This lifehack article shares a quote that I like and an outline for a 5-sentence email. First, the quote:

“I apologize that this letter is so long. I did not have the time to make it short.” – Blaise Pascal

It actually takes more effort to come up with lean, coherent content than to ramble on. But it saves more time especially if there are a lot of recipients.

Now, an outline you can use for your 5-sentence email:

  1. Who are you? This might be skipped if you already have a relationship with the recipient; otherwise, in as little space as possible, explain the relevant facts about yourself.
  2. What do you want? Explain why you’re writing the email, what you expect your recipient to do about it, and any relevant information they need to respond with the appropriate action.
  3. Why should you get it? Or, more to the point, why should they bother? Explain why your request is important, and if relevant, what’s in it for them.
  4. When do you need them to act? Open-ended requests get open-ended responses – that is, they get responded to whenever the recipient gets around to it. Be as specific as possible, so that your recipient a) has a sense of urgency, b) feels that their response is important to you, and c) feels inspired to act.

Googled: work-life balance productivity

I googled “work-life balance productivity” and checked out some of the first 10 links.

Firms say work-life balance boosts productivity

HONG KONG (Reuters) – Far from jeopardizing productivity, flexible working arrangements and other measures to improve work-life balance motivate staff and boost efficiency, corporate executives told a seminar in Hong Kong on Wednesday… In Hong Kong, a survey by local non-profit organization Community Business, found that employees work an average 51 hours a week — 25 percent higher than the maximum working hours set by the International Labour organization. A third of respondents said their productivity was being affected by long hours while 31 percent said long hours were causing health problems. Companies that don’t provide a more attractive work environment will lose out, executives said.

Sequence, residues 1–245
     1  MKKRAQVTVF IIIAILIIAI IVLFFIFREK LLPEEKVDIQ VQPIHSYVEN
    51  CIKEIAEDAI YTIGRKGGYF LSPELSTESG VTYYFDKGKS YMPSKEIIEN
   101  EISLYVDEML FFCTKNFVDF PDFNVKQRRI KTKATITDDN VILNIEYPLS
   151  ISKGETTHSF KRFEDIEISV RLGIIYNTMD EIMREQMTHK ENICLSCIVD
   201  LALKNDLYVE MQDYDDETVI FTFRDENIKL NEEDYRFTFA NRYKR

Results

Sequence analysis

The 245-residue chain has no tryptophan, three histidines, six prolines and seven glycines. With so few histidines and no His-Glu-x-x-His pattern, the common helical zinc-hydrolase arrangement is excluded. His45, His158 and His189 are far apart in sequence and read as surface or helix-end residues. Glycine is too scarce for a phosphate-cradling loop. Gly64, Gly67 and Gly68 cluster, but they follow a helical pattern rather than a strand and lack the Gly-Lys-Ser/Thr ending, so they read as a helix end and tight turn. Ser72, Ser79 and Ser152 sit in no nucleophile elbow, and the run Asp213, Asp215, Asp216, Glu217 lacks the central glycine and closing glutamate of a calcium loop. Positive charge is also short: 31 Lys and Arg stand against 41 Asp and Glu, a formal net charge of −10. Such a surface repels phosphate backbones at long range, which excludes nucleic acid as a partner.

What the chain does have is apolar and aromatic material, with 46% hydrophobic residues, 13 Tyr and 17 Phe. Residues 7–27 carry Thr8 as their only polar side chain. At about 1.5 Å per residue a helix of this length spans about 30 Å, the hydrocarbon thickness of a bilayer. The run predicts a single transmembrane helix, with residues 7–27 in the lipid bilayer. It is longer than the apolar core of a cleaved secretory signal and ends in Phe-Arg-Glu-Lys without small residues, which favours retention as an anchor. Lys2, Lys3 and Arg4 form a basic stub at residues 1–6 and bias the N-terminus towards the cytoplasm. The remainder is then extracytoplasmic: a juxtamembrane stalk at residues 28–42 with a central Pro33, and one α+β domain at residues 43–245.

“In Hong Kong there’s a cultural challenge because people believe that if they’re working long hours they’re working hard,” he said. Executives said that was true of Asia generally. In any country work-life balance policies had a better chance of success if senior management took the lead, they said.

Work-Life: Is Productivity in the Balance?

Many organizations regard work-life benefits as an investment designed, among other things, to attract and retain talent. How do such benefits affect productivity for the individuals, the company, and society?

Management Practices, Work-Life Balance and Productivity: A Review of Some Recent Evidence (only the Abstract is free for this though)

First, WLB outcomes are significantly associated with better management, so that well-run firms are both more productive and offer better conditions for their employees. Second, tougher competition increases average management quality but does not negatively affect employees’ working environment. As with many other studies, better WLB practices are associated with significantly higher productivity. This relationship disappears, however, after controlling for the overall quality of management.

From the conclusion of Work-life balance, employee engagement and discretionary effort: A review of the evidence (haven’t read the entire 34-page document though)

This report argues that organisations which encourage work-life balance in principle and in practice will reap the benefits of increased employee engagement, discretionary effort and therefore productivity. A strategy to encourage work-life balance or a series of work-life initiatives is not sufficient to increase discretionary effort and employee engagement. Work-life balance must be supported and encouraged at all levels of the organisation, including senior management, line managers and all staff.

Building an organisational culture which supports work-life balance is a long-term process for large organisations. It involves changing the way people think and talk about their work and about work-life balance so that using flexible working options and other work-life initiatives becomes accepted and normal for everyone regardless of their gender, seniority within the organisation or personal commitments.

Work-Life Benefits Improve Productivity, Research Shows: Survey Finds Employees With Good Work-Life Benefits Work Harder, Stay Put

Only 16 percent of employees are satisfied with their organization’s work-life practices. Nearly a third of workers are skimping on work to meet personal commitments.

And speaking of skimping… Most employees who call in “sick” are lying. In the survey conducted, two-thirds of U.S. who call in sick aren’t actually sick.

HONG KONG (Reuters) – Far from jeopardizing productivity, flexible working arrangements and other measures to improve work-life balance motivate staff and boost efficiency, corporate executives told a seminar in Hong Kong on Wednesday.